A woman in Denver is about to start her new job on Monday, which was actually her old job after recently taking a high-paying job and then being fired.
Why? For posting a Tiktok video about his salary.
Last month, Lexi Larson posted on her TikTok account how she found a new job in the tech industry that increased her income from $70,000 to $90,000. The video has been viewed 168,000 times. For the next two weeks, she posted more videos of how she got that job.
Larson said that soon after her employer discovered her TikTok account, she removed some of the videos for fear of anger from their owners.
In a video, Larsen said that he was fired for his posts.
“So, TikTok fired me,” said Larson, who went on to elaborate on knowing that talking about her salary under the National Labor Relations Act and why she took out some videos.
“…they fired me because they said I had this account was a security concern because I could post something private,” Larsen said.
Larson, who did not respond to USA Today’s request for comment, did not name his former employer and decided not to take legal action. But his dismissal raises questions about what you can or cannot say about your job on social media.
Can an employer block you from discussing your salary?
No, the National Labor Relations Act. Employees have the right to communicate with fellow employees and others about their wages. It is also illegal for employers to penalize, retaliate, threaten or supervise employees for having such discussions.
However, the National Labor Relations Board said, “When using electronic communications such as social media, be aware that your employer may have policies against using their devices.”
End with reason?
It is not known whether Larson used the company’s equipment, but, “the idea that his actions were a firing offense seems very harsh,” said Matthew BergmanSeattle-based attorney and founder of the Social Media Victims Law Center. It was only for two weeks.”
Larson may have a good case if she considers taking legal action, says Benita Joseph, a partner at Joseph & Norinsberg LLC in New York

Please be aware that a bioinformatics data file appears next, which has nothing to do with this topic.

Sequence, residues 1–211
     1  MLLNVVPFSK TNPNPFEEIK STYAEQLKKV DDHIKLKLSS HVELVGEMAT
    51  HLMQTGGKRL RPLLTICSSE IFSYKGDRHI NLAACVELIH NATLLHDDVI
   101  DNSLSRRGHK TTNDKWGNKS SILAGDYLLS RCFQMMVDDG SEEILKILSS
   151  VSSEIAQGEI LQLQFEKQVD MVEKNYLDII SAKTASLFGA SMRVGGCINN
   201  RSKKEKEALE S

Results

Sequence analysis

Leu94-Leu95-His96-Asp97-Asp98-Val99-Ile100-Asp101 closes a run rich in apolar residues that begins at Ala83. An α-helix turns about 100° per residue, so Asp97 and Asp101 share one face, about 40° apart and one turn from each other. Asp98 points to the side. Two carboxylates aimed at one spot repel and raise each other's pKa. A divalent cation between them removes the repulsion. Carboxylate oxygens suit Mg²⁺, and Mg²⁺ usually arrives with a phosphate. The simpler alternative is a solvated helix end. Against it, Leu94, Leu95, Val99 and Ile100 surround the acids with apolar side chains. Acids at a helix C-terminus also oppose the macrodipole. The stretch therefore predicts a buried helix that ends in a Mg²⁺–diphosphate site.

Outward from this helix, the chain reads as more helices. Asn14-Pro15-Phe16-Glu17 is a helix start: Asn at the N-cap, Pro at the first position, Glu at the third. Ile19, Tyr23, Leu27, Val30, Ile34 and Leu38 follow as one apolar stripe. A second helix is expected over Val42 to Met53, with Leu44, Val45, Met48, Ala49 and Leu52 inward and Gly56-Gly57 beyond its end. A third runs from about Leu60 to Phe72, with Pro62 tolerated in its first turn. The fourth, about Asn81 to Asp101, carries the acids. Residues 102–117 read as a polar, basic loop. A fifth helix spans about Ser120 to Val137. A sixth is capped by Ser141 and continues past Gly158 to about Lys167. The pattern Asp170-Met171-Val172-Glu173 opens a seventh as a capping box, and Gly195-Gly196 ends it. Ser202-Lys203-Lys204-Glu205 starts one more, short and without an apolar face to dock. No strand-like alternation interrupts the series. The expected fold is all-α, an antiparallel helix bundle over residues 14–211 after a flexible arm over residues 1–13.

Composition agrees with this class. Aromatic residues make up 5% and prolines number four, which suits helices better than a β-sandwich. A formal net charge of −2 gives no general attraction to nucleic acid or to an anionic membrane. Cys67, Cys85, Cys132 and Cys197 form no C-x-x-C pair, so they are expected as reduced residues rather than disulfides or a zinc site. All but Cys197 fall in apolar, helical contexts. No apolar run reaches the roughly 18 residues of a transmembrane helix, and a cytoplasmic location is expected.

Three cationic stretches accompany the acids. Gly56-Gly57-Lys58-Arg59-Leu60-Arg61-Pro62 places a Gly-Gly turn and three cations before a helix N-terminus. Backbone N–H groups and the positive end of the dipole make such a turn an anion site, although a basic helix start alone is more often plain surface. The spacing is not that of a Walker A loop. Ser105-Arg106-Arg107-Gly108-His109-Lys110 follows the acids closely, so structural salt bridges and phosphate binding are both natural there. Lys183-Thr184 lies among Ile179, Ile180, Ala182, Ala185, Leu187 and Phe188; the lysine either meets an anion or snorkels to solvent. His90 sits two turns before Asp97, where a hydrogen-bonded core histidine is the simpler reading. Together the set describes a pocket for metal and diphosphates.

. Was terminated for discussing his salary.” said Joseph, who noted that most employees are usually fired for disciplinary or performance reasons.
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Bergman and Joseph say employers will monitor employees’ social media accounts to make sure employees don’t engage in any illegal behavior, Joseph said.
“A company is very interested in ensuring that you are not engaging in discriminatory statements, not disclosing trade secrets, threats of violence and unlawful conduct,” Joseph said. “If they find out you’re doing any of this, that could be grounds for termination.”
“The taller you are, the more careful you have to be about what you post,” Joseph says.
Bergman said many people believe that what people do or say online, especially in relation to finances, is safe. But that is not always the case.
“I think it’s important to take a step back and be cautious when disclosing personal information on social media,” Bergman said.
“Whether it’s an employer watching your activities, or a potential swindler looking to take your money from you, I think it’s a dangerous road to take,” Bergman said.
He has another piece of advice.
“Maybe it’s better to keep your money matters offline,” concluded Bergman.